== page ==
In all of the situations I described above, the thing chosen as a trademark didn’t actually operate as one. So how might you beat back a failure to function office action and push your way through to approval? As with the other types of substantive issues, there are lots of strategies that can be used – but even more so here because there are so many different types of failure to function refusals.
But I’ll never leave you without an example, using our handy-dandy L + F = W formula. Let’s say that you applied to register a trademark for your domain name, but it was flagged as generic in an office action. You could find cases where the court said that domain names that might be considered generic aren’t actually generic if enough people think of them as being a brand name rather than just a domain name (LAW) and then discuss the evidence you’ve gathered which proves that you’ve built a strong enough brand over time that people associate your domain name with your specific business, rather than any other business that can do what you do (FACTS).
- Primarily Merely A Surname: I’ve said this in different ways throughout this blog post, but it’s worth repeating here: owning a registered trademark can give you the ability to stop someone who sells similar products or services from using a trademark similar to yours. It’s a legal superpower that allows you to check line-steppers with the quickness.
But there are limits on that. An important one is when the thing you’ve chosen to trademark includes a well-known surname (or last name).
The primary function of trademarks is to help people distinguish between different sources of products or services. If common surnames were freely allowed as trademarks, people might be easily confused about the origin of products or services, leading to a breakdown in the trademark system’s ability to provide clear and reliable information.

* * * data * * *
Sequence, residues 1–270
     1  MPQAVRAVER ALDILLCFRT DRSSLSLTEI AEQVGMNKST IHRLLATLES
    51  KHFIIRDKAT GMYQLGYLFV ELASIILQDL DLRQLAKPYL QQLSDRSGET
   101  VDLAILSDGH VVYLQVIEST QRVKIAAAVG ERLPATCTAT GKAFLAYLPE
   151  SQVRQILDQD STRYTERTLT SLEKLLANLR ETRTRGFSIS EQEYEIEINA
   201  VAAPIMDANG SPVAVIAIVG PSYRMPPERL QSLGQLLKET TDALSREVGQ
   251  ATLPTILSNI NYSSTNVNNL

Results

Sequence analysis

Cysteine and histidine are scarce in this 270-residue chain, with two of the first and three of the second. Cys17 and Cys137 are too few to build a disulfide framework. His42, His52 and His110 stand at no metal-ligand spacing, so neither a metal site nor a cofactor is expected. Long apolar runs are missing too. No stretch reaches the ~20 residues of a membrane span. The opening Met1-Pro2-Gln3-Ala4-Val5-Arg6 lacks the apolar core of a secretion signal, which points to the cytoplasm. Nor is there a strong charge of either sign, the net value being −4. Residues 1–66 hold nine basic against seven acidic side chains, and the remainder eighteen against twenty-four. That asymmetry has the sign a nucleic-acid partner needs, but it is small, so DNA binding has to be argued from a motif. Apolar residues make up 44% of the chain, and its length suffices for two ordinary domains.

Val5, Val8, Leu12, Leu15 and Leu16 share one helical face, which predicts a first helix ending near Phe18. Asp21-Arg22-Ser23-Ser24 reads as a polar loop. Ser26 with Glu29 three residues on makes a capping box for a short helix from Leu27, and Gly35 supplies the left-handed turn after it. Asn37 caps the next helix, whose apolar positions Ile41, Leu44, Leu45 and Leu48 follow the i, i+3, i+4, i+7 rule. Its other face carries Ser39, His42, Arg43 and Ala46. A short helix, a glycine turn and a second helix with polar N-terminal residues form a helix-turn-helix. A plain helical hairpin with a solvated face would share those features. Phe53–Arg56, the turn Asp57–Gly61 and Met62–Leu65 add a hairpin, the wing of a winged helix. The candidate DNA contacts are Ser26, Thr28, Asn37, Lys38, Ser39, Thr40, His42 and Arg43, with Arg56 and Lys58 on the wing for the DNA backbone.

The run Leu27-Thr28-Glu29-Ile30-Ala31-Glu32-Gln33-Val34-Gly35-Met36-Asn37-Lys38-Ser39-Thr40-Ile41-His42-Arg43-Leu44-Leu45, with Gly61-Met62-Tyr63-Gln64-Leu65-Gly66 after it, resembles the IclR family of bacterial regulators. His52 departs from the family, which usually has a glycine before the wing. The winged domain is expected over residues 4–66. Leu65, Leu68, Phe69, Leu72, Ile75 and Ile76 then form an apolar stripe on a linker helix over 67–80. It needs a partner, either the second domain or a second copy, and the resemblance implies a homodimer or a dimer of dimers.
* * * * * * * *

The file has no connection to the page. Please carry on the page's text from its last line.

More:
And from a purely practical perspective, people need to be able to use their legal last names, even if they’re competitors in your industry. It would simply be unfair to restrict anyone from using their own name just because someone else was lucky enough to register a trademark for it. The trademark system has to balance the rights of brand owners to own names for marketing purposes with the rights that we all have to identify ourselves and be known by our legal names. So if your trademark includes a common last name and is used in a way that consumers would perceive as merely identifying a person, the USPTO may issue a surname refusal in an office action.
But you’ve seen trademarks that include common last names before (the biggest example being McDonald’s!), so you must be thinking to yourself that there has to be a way around these office actions.
And you would be right! Using our favorite L + F = W formula, here’s one way that you might convince an examining attorney to change their mind: you could find cases that say that a name is not primarily, merely a surname if it identifies a historical place or person (LAW) and then discuss the evidence that shows that the surname in your trademark references a cultural icon rather than any run-of-the-mill person with that surname (FACTS).
And there’s no better feeling than when you get that sweet, sweet email from the USPTO notifying you that the office action has been withdrawn!
Now For The BIG KAHUNA...Oppositions
If you successfully defeat an office action, or if you don’t get any at all, you might be tempted to pop the champagne and celebrate your victory!
But there’s one more phase in the trademark approval process that could ultimately throw a wrench in your plans and lead to a rejection – the dreaded opposition.